Writing in WIRED columnist Daniel Engber makes an astute statement. During an interview with Dr. Kennedy, they attempted to watch a DVD of Kennedy’s Belize brain surgery. The DVD player and laptop choked for some reason and after repeated attempts they were able to view Dr. Kennedy’s naked brain undergoing surgery. Reflecting on the mundane struggles with technology that preceded the movie, Engber notes, “It seems like technology always finds new and better ways to disappoint us, even as it grows more advanced every year.”

Dr. Kennedy’s saga was all about getting thoughts into text, or even synthetic speech. Today, the invasive method of sticking electrodes into your cerebral putty has been replaced by a kind of electrode mesh that lays on top of the cortex underneath the skull. They call this less invasive. Researchers have managed to get some results from this, albeit snippets with numerous inaccuracies. They say it will be decades, and one of them points out that even Siri still gets it wrong more than 30 years after the debut of speech recognition technology.
So, then it must be Kurzweil’s exponential law that still provides near-term hope for these scientists. As I often quote Tobias Revell, “Someone somewhere in a lab is playing with your future.”

There remain a few more nagging questions for me. What is so feeble about our brains that we need them to be infinitely more powerful? When is enough, enough? And, what could possibly go wrong with this scenario?

Next week.


1. Coates, J.F., 2010. The future of foresight—A US perspective. Technological Forecasting & Social Change 77, 1428–1437.
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Logical succession, please.

In this blog, I wouldn’t be surprised to discover that of all the people I talk (or rant) about most is Ray Kurzweil. That is not all that surprising to me since he is possibly the most visible and vociferous and visionary proponent of the future. Let me say in advance that I have great respect for Ray. A Big Think article three years ago claimed that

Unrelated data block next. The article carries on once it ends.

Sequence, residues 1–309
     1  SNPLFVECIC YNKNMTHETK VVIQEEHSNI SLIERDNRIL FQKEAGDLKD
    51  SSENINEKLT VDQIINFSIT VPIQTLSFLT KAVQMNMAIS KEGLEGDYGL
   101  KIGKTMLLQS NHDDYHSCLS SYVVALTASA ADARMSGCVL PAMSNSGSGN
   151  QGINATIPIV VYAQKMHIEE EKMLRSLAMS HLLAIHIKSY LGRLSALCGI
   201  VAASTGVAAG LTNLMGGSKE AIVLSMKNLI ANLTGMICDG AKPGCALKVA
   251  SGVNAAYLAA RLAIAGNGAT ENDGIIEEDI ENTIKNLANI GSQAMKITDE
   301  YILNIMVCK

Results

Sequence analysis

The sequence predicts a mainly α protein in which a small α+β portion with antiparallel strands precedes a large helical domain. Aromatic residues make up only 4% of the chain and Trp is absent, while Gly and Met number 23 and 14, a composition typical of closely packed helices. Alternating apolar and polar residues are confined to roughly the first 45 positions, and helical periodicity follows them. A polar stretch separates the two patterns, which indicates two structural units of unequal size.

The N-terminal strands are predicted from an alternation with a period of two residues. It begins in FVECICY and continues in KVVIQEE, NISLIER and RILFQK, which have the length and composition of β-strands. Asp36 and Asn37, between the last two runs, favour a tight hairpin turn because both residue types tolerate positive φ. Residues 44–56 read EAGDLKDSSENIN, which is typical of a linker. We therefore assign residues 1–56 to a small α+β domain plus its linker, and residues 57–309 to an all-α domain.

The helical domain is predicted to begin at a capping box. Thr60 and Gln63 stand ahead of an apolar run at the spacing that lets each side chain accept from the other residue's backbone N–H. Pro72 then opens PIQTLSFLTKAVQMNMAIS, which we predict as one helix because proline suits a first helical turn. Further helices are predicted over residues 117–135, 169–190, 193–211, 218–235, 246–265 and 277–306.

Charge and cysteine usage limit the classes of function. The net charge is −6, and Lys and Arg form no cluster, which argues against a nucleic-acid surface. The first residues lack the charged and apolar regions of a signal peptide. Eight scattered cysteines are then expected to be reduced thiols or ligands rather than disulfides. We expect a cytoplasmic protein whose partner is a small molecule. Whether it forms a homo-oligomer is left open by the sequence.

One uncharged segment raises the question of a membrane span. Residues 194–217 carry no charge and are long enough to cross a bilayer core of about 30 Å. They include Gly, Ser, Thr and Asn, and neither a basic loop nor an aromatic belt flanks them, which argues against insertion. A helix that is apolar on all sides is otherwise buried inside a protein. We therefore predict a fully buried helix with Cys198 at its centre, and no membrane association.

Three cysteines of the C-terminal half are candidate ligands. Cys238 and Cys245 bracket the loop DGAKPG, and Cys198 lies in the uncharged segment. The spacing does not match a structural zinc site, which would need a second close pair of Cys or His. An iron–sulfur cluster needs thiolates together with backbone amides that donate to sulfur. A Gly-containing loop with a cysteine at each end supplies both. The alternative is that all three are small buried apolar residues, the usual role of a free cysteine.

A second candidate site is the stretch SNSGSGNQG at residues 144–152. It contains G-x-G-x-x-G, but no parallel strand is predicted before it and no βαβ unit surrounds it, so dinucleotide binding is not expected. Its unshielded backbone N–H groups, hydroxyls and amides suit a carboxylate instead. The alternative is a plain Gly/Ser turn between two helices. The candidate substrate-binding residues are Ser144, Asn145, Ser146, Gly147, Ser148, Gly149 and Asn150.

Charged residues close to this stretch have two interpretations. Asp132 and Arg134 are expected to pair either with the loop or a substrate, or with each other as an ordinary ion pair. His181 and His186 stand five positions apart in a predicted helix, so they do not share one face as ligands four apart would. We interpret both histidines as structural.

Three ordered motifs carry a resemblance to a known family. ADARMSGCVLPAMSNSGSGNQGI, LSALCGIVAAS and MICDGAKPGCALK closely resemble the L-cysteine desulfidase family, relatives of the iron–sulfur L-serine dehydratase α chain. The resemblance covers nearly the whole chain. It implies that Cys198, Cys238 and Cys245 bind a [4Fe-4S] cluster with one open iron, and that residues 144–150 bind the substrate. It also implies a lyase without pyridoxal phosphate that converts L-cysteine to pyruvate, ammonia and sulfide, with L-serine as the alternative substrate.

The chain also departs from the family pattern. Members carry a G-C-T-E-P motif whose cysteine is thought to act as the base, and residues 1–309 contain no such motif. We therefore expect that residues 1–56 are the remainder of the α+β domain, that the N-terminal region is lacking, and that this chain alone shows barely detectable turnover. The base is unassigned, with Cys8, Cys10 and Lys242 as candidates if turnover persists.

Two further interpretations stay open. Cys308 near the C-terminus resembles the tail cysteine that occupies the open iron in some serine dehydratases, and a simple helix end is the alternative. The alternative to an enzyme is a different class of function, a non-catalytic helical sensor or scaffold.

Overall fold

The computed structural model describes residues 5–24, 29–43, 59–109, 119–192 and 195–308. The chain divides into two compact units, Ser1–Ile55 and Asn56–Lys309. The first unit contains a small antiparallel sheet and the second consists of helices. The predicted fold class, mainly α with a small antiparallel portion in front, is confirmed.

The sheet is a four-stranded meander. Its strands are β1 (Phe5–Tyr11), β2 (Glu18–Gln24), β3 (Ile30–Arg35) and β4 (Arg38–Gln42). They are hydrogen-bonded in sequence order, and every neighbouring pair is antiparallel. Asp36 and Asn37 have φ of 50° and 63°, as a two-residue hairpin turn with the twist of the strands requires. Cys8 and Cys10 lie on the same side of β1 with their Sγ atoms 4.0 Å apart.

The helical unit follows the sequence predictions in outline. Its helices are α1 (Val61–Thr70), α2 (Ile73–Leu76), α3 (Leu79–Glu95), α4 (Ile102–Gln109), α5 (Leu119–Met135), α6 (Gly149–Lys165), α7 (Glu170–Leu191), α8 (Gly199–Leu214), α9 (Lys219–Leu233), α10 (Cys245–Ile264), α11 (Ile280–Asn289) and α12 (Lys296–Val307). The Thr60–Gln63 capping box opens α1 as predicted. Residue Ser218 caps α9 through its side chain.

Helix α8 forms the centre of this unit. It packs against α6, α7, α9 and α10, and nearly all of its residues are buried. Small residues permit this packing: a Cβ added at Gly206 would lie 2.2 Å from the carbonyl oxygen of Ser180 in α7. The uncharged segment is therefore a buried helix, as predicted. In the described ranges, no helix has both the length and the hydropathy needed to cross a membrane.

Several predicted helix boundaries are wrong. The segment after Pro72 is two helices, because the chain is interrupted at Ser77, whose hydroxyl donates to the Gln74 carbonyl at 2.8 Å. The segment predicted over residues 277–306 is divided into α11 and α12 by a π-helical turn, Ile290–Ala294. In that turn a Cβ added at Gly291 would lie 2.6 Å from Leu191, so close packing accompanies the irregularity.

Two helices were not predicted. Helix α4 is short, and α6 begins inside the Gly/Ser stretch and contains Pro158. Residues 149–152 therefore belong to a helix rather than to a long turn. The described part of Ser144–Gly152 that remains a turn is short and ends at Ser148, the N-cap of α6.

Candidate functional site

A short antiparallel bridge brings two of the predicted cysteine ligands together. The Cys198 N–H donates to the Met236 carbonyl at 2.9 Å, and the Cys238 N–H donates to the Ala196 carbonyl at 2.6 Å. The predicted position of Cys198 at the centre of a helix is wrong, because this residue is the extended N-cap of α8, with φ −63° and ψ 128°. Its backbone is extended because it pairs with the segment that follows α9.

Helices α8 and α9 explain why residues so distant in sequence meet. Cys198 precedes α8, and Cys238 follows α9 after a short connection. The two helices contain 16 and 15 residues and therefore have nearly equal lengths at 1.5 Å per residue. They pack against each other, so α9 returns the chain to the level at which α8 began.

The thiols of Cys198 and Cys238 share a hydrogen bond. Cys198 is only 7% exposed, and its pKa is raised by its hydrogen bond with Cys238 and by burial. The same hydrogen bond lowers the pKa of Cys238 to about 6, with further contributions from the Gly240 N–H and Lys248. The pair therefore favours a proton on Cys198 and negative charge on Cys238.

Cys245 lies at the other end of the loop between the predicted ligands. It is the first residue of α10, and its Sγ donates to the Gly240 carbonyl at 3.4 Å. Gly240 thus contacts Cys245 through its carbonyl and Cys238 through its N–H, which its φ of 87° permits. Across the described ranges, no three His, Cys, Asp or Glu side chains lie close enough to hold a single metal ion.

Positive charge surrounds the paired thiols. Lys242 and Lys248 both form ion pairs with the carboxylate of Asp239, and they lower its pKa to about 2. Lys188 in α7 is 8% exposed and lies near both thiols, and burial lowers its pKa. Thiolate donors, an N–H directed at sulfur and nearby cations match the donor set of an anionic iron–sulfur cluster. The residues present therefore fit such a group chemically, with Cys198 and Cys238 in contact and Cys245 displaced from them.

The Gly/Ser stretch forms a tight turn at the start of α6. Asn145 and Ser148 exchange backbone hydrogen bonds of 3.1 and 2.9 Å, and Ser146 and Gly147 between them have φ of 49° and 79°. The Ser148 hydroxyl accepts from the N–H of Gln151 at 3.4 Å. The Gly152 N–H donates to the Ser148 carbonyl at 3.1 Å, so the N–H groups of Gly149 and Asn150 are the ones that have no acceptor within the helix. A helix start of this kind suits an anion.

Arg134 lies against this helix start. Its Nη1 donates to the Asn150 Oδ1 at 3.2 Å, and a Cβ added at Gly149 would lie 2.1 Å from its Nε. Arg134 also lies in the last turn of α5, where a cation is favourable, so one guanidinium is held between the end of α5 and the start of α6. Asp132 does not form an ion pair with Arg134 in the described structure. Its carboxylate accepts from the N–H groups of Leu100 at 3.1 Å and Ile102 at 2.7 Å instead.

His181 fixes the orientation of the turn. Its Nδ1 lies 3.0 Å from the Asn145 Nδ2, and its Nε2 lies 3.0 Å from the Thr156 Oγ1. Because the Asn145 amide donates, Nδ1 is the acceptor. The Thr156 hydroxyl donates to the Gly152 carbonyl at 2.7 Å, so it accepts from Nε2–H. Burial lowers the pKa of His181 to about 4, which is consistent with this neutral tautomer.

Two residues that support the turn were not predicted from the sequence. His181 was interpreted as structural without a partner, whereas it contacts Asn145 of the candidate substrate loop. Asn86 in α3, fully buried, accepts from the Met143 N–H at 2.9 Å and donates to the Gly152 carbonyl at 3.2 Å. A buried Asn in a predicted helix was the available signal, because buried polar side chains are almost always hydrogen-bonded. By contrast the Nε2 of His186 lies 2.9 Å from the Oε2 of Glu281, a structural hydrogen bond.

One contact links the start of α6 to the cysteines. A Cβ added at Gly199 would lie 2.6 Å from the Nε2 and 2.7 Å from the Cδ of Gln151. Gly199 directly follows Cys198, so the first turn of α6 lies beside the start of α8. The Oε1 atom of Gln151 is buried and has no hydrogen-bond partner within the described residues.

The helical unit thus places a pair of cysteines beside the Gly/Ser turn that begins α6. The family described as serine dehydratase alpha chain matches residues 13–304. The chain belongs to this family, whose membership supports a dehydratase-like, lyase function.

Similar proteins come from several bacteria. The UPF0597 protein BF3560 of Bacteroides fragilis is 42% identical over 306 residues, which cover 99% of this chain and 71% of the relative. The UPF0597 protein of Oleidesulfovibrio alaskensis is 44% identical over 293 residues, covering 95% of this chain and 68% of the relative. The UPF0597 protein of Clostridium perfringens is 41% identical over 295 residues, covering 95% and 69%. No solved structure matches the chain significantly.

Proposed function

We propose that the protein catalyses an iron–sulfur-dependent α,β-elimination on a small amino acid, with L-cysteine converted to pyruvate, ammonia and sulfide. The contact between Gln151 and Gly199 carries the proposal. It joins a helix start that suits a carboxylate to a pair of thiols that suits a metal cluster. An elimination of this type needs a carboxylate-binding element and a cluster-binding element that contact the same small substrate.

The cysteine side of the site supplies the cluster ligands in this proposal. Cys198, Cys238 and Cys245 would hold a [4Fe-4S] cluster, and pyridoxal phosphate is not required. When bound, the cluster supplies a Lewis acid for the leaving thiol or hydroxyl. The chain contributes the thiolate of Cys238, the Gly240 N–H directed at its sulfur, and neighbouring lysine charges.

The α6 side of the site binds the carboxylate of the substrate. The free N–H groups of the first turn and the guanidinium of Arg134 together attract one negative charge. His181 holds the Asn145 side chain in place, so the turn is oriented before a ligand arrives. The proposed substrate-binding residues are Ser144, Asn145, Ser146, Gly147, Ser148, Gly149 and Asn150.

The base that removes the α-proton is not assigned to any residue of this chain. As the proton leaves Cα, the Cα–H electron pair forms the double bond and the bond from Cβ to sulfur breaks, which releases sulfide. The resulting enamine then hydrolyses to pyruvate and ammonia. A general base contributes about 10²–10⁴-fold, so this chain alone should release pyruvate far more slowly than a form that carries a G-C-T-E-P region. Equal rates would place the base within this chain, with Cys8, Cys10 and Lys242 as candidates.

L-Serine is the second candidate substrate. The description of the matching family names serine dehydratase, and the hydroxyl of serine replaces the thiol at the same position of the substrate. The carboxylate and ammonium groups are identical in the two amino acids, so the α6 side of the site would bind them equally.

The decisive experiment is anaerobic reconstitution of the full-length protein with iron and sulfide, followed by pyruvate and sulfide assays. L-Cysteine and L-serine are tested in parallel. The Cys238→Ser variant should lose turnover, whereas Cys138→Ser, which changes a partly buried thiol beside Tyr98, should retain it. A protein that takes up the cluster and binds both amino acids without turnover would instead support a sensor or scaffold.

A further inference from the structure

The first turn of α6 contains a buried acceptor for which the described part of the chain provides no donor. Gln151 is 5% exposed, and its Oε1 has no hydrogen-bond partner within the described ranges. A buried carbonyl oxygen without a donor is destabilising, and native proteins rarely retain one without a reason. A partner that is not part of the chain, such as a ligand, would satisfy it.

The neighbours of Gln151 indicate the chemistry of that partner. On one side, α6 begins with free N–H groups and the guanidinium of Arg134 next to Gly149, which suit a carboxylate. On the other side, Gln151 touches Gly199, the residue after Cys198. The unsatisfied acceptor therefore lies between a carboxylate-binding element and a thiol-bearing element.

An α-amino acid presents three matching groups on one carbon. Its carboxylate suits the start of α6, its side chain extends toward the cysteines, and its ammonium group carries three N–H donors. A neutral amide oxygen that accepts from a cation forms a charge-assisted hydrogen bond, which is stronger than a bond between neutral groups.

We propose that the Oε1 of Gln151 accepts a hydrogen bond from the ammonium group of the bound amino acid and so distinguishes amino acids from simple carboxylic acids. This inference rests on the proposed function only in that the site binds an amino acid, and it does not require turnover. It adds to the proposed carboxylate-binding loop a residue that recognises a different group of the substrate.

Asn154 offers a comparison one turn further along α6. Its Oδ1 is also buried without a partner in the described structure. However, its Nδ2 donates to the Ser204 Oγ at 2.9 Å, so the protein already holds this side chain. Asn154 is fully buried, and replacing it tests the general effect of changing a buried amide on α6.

“… of the 147 predictions that Kurzweil has made since the 1990’s, fully 115 of them have turned out to be correct, and another 12 have turned out to be “essentially correct” (off by a year or two), giving his predictions a stunning 86% accuracy rate.”

Last year Kurzweil predicted that
“ In the 2030s… we are going to send nano-robots into the brain (via capillaries) that will provide full immersion virtual reality from within the nervous system and will connect our neocortex to the cloud. Just like how we can wirelessly expand the power of our smartphones 10,000-fold in the cloud today, we’ll be able to expand our neocortex in the cloud.”1

This prediction caught my attention as not only quite unusual but, considering that it is only 15 years away, incredibly ambitious. Since 2030 is right around the corner, I wanted to see if anyone has been able to connect to the neocortex yet. Before I could do that, however, I needed to find out what exactly the neocortex is. According to Science Daily, it is the top layer of the brain (which is made up of six layers). “It is involved in higher functions such as sensory perception, generation of motor commands, spatial reasoning, conscious thought, and in humans, language.”2 According to Kurzweil, “There is beauty, love and creativity and intelligence in the world, and it all comes from the neocortex.”3